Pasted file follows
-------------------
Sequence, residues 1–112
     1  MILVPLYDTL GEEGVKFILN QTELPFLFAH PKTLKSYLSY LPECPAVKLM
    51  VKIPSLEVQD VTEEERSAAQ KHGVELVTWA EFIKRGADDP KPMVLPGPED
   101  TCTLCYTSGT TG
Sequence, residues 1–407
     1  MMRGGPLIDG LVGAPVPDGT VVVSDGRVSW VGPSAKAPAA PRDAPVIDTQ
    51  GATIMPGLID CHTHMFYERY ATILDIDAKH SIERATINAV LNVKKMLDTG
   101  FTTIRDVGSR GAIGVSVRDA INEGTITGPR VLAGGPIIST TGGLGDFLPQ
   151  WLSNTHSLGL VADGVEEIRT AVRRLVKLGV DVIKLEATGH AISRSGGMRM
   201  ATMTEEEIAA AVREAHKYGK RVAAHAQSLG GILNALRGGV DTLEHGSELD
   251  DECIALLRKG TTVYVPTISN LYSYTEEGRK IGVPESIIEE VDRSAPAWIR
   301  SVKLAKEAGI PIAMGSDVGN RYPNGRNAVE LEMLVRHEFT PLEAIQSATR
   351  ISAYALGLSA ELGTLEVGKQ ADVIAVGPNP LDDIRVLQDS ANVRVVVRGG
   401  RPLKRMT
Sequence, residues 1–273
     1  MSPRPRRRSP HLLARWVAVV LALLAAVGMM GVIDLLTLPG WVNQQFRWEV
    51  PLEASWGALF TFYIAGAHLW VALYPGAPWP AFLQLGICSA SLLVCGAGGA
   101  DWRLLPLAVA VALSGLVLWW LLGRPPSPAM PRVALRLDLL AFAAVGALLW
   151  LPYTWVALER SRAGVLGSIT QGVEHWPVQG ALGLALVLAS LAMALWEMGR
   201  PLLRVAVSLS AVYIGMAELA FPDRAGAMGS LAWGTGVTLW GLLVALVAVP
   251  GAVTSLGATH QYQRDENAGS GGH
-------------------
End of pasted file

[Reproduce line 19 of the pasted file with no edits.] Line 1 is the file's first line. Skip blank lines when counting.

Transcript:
   151  LPYTWVALER SRAGVLGSIT QGVEHWPVQG ALGLALVLAS LAMALWEMGR